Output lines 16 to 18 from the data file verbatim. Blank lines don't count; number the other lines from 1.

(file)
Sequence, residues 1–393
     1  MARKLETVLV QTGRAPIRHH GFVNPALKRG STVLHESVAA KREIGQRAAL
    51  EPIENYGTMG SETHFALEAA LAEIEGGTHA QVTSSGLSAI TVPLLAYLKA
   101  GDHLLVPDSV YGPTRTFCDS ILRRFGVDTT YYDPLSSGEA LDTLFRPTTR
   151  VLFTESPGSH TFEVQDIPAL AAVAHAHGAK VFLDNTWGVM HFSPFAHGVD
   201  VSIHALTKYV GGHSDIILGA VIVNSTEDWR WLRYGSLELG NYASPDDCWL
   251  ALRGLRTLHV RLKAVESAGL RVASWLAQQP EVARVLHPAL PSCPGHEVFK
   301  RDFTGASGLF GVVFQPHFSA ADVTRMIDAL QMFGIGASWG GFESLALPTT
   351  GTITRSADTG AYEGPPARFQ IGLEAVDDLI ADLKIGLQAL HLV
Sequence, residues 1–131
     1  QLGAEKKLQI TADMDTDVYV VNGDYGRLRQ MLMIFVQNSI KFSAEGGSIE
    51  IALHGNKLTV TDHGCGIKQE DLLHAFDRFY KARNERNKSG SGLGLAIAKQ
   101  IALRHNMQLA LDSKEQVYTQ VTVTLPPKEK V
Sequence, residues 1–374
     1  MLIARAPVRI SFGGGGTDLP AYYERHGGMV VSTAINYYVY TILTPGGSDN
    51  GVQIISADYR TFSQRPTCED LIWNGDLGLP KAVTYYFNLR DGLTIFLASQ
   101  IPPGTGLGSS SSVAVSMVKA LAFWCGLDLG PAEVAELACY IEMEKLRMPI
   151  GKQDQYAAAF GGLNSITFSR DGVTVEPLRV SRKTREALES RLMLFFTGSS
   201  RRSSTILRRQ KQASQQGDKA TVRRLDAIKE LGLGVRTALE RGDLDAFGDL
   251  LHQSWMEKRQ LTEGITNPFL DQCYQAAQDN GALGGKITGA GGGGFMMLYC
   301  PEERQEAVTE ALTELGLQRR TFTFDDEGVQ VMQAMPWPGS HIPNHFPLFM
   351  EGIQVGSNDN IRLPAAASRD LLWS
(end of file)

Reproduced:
    51  GVQIISADYR TFSQRPTCED LIWNGDLGLP KAVTYYFNLR DGLTIFLASQ
   101  IPPGTGLGSS SSVAVSMVKA LAFWCGLDLG PAEVAELACY IEMEKLRMPI
   151  GKQDQYAAAF GGLNSITFSR DGVTVEPLRV SRKTREALES RLMLFFTGSS